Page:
The History of Manx Coins – Mike Southall MBE

report by John Slater

On a day of fierce gales it was pleasing to see a good audience for what proved to be an outstanding speaker. Mike Southall had such a warm manner, bubbling enthusiasm for his subject underpinned by a depth of knowledge that he captured his audience immediately. The coins shown on screen were also on display for us to see in the interval and long into the evening. Mike is working on the next edition of his definitive work on Manx coins but there’s still a chance of picking up a copy of the current work.

Mike began by referring to China who used cowrie shells as currency, 3 000 years ago. Until then, all trading was done by barter or swopping. One could exchange a daughter for some cows or whatever you felt was good value! This ad hoc arrangement was needlessly bulky and depended on actually seeing the goods first and what about change? Cowrie shells were a kind of crypto currency or bit coin. There were samples of these as well as minted coins.

From memory, I believe that the first minted coins originated in Lydia, now Western Turkey in 600 BC. The concept gradually spread worldwide. The Manx didn’t rush into this as, apparently, the first Manx coins were minted with the permission of the Governor, James Stanley in 1709!

A few Roman coins have been found on the island, in Castletown and Peel. These were probably here as a result of trading as the Romans were never resident Large hoards of Saxon and Viking coins have been found. Clearly, the ground was seen as a place of safe- keeping. Rather like squirrels, their sites must have been forgotten or lost. Doubtless, many people still feel that, despite modern banking, money is safer under the bed!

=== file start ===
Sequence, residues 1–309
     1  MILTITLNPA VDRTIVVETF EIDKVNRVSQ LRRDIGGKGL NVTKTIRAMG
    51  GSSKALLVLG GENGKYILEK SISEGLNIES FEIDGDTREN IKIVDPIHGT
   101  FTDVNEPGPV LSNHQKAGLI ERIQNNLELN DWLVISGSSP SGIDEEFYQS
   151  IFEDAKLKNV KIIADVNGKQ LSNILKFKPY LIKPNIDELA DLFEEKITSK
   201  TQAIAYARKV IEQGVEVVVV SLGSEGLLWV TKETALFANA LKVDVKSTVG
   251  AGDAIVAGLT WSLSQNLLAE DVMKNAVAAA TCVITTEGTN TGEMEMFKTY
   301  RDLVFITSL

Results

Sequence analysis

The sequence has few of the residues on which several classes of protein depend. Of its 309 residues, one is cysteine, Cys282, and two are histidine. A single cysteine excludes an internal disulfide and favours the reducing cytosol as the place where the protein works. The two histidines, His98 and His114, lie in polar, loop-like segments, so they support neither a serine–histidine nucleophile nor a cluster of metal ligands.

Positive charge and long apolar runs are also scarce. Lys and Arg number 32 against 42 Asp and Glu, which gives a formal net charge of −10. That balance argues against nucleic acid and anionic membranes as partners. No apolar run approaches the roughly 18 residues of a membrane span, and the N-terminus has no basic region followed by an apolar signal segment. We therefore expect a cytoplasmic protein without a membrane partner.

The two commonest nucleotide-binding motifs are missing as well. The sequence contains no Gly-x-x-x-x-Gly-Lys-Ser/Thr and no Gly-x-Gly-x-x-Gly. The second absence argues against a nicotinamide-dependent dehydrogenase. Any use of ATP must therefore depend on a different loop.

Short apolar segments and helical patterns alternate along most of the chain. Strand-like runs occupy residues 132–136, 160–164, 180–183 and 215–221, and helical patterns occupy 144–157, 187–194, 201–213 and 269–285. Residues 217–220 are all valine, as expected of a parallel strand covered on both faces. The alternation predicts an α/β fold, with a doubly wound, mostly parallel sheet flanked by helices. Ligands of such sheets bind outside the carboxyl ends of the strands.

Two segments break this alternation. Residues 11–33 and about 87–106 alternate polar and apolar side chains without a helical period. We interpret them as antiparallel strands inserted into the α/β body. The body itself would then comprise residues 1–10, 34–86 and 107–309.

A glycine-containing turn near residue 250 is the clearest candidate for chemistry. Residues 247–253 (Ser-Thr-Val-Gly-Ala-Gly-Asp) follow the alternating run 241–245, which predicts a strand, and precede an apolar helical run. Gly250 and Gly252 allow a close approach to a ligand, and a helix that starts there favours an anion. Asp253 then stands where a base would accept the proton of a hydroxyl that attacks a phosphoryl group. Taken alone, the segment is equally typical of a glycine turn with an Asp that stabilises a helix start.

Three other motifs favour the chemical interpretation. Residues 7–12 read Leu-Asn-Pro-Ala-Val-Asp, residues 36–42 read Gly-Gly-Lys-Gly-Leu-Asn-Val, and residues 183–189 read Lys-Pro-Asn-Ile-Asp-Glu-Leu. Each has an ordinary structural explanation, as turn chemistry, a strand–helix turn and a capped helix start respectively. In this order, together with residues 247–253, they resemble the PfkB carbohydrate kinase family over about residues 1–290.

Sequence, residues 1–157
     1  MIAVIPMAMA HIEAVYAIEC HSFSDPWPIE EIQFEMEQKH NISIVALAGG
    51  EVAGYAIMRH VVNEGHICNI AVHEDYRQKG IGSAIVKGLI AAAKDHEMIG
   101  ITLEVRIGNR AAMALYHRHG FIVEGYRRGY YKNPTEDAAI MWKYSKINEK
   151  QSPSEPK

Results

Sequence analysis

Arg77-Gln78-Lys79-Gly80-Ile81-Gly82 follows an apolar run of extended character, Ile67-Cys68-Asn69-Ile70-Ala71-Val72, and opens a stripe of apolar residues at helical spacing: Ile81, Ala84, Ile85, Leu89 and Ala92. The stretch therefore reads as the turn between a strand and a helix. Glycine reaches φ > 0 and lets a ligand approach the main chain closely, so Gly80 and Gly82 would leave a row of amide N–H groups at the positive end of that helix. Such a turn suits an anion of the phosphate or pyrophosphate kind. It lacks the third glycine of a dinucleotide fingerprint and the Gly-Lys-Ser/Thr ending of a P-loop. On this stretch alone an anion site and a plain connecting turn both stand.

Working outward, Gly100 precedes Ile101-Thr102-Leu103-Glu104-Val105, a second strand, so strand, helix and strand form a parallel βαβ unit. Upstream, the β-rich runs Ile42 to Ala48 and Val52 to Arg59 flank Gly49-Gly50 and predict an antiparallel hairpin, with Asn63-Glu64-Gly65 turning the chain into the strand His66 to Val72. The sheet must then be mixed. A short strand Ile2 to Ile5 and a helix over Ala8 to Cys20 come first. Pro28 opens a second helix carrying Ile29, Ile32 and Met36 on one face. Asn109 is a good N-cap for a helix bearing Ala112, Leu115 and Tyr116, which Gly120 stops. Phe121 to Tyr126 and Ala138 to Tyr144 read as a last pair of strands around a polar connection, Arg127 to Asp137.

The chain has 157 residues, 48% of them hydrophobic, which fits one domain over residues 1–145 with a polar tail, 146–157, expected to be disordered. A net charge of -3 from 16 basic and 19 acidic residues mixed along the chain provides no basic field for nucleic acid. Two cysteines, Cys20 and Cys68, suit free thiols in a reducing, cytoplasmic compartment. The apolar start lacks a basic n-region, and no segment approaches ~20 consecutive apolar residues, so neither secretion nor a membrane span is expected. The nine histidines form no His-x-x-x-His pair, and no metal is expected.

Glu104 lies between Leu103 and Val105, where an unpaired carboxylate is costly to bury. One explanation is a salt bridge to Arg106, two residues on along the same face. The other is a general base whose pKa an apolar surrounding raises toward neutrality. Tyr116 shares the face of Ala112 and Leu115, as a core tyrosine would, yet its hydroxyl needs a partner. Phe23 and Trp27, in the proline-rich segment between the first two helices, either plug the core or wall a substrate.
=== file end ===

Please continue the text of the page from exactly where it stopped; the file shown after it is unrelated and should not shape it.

Mike took us through a succession of Manx rulers, showing us examples of their coinage. These are unearthed by detectorists from time to time and have added much to our knowledge of these times.

We were interested in the role that the old mint played in producing coinage, producing, for example, Widows Mites in 1689. We still associate this term with extreme poverty.

The production of high volumes of coins by hand, even by the royal and other official mints became increasingly difficult. James Watt came to the rescue by adapting one of his innovative steam engines to power the coin presses. This was yet another example of British innovation in Victorian times by launching the Industrial Revolution, world- wide. We now enjoy both the benefits and disbenefits as we are left with the consequent pollution. We’re doing the same for future generations with atomic waste, of course.

Of particular interest to us were Peel coins that were issued at Knockaloe internment camp as tokens for the thousands of inmates.

!961 saw the issuing of Manx coins followed by Manx notes in 1971. In 1976, decimal coins were issued. The first £1 coin in the world was issued in the Isle of Man. So often we lead the way!

Our next Meeting is on Wednesday, 17th October at 7.30pm in the Centenary Centre. Dave Martin is speaking on the exciting discoveries on the island using ground radar, as seen on ‘Time Team!